California Gov. Gavin Newsom issued an executive order on Sept. 6 to study the development, use and risks of AI technology throughout the state and to develop a process for evaluating and deploying AI within state government.
“We recognize both the potential benefits and risks these tools enable,” Newsom said in a press release. “We’re neither frozen by the fears nor hypnotized by the upside. We’re taking a clear-eyed, humble approach to this world-changing technology. Asking questions. Seeking answers from experts.”
The executive order directs state agencies and departments to perform a joint analysis on how AI could affect various aspects of life in the state, such as the energy sector and vulnerable communities. It also calls for a “procurement blueprint” to support an innovation ecosystem inside state government. Agencies will issue general guidelines for public sector procurement, uses and required training for the application of generative AI.
While the executive order won’t immediately impact private employers, it will have a “spillover effect” they need to be aware of, Benjamin Ebbink and Richard Meneghello of law firm Fisher Phillips wrote in a JDSupra blog post.
The order establishes a formal partnership with the University of California, Berkeley and Stanford University to consider and evaluate the impacts of generative AI on California. The state and the institutions will develop and host a joint summit in 2024 to discuss the impacts of generative AI on California and its workforce.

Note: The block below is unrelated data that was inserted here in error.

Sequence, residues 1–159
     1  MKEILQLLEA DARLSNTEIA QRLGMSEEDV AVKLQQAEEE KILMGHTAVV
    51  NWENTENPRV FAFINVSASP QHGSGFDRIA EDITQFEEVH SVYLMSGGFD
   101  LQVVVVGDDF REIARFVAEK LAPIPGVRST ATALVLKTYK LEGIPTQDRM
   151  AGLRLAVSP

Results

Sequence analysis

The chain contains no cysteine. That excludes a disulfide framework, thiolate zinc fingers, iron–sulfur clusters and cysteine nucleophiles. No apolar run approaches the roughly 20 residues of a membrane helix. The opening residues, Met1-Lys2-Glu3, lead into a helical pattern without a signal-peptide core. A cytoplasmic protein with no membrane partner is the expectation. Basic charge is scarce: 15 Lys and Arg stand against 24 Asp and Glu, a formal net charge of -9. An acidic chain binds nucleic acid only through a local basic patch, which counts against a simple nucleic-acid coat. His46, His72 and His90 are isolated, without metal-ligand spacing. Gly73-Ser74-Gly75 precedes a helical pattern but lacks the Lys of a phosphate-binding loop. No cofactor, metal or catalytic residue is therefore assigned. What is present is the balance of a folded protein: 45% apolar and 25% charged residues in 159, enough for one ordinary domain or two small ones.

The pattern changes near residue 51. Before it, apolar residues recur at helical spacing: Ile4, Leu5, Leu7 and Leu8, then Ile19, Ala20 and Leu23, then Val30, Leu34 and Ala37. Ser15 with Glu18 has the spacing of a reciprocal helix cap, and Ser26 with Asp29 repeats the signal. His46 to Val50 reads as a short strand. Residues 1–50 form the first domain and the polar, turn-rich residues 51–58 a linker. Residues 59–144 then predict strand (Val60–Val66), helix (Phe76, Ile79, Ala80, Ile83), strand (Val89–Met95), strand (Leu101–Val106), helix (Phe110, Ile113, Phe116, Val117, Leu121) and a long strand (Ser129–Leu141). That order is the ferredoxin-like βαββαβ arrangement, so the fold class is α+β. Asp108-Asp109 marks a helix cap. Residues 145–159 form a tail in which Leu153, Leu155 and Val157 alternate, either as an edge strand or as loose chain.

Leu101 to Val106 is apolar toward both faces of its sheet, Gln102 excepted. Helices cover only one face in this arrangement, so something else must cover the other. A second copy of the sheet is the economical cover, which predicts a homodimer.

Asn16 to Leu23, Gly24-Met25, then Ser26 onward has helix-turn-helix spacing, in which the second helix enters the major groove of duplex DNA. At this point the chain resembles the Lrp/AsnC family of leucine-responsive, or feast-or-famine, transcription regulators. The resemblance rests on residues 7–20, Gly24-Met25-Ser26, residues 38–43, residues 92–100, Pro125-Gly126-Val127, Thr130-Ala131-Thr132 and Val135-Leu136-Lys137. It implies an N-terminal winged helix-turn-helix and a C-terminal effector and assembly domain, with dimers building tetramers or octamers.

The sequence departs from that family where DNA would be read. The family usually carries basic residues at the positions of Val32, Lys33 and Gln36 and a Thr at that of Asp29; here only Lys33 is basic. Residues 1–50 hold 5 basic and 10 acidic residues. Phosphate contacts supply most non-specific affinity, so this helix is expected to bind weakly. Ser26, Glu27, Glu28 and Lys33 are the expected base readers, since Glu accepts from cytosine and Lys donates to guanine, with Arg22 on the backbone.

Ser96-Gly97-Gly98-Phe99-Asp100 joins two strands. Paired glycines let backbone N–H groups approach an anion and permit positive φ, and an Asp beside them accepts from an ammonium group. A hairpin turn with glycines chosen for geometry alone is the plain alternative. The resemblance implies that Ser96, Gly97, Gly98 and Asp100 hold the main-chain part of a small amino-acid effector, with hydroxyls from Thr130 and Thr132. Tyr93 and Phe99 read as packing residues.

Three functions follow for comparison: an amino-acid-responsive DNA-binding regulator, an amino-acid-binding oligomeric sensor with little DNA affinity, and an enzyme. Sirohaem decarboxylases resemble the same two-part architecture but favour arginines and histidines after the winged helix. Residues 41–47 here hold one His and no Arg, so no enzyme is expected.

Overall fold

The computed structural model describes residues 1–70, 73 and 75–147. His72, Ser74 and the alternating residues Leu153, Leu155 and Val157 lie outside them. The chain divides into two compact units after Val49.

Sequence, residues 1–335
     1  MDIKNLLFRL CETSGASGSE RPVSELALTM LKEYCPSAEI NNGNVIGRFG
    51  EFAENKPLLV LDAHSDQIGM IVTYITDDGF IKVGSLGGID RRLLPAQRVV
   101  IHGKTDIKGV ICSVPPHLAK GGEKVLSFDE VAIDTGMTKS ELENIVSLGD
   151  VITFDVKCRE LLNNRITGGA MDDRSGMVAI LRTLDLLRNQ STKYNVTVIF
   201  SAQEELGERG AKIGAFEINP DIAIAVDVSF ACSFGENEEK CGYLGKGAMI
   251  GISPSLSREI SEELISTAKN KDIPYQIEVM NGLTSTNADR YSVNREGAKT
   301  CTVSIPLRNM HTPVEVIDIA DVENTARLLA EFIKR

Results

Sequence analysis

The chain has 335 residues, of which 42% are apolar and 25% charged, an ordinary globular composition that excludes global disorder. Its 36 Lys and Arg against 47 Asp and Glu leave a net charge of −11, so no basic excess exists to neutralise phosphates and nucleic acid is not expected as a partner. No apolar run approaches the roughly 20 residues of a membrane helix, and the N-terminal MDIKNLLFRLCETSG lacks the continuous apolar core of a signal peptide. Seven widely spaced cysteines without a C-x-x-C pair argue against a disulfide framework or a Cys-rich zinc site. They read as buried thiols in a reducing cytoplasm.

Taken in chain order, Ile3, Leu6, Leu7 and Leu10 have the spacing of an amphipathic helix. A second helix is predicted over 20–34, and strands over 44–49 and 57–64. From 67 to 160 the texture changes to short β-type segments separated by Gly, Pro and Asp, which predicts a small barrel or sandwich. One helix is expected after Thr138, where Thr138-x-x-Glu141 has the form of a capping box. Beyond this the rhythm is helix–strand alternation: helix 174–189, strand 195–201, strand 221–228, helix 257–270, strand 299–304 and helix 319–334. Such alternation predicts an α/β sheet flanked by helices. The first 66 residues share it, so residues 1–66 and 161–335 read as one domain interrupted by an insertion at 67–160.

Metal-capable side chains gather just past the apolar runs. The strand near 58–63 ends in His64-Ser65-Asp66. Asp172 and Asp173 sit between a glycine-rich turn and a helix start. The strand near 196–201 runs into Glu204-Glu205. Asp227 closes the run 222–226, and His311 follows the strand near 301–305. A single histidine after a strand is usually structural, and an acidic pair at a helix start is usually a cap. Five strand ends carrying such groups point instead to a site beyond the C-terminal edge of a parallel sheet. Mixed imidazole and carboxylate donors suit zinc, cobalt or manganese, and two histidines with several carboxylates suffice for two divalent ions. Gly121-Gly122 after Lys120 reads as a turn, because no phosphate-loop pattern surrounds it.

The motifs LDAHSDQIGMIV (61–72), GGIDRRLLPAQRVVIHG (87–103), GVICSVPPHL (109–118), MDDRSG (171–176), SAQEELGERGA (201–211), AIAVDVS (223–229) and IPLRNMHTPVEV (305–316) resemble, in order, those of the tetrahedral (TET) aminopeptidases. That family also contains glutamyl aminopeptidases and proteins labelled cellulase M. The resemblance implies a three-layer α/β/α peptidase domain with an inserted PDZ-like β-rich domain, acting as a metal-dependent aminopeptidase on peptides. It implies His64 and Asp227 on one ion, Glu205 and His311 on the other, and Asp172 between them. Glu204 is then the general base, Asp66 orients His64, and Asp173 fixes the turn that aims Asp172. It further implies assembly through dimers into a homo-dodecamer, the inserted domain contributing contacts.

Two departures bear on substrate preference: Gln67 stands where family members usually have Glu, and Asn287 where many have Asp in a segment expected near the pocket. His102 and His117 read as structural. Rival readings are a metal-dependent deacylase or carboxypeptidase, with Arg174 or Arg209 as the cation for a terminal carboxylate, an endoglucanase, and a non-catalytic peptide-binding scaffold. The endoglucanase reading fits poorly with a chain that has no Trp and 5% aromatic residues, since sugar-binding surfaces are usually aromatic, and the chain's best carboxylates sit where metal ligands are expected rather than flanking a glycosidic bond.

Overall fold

It also calls for the state to engage with legislative partners and key stakeholders in a formal process to develop policy recommendations for responsible use of AI, including any guidelines, criteria, reports and/or training.
The administration will work throughout the next year to implement the provisions of the executive order and engage the legislature and stakeholders to develop policy recommendations.
Roadmap for Employers
Referring to the executive order as “groundbreaking,” the Fisher Phillips post said it is “charting a course for the business community given the explosion of artificial intelligence use across all industry sectors — and employers should use this development to take their own steps to prepare for a new tomorrow.”
The law firm advises 10 steps employers should take in response to the AI executive order:
- Conduct an AI audit
- Engage critical stakeholders
- Develop an AI strategy
- Employee training
- Coordinate with counsel
- Create comprehensive AI policies
- Beef up your data protection measures
- Review procurement policies
- Deploy pilot testing
- Monitor regulatory updates
“The coming months are likely to see the release of comprehensive reports and guidelines that will influence not just California but potentially set a standard for AI governance across the country,” the blog post states. “Given that the executive order urges legislative bodies to create new AI policies, you should stay alert to new laws and regulations that could affect your business operations.”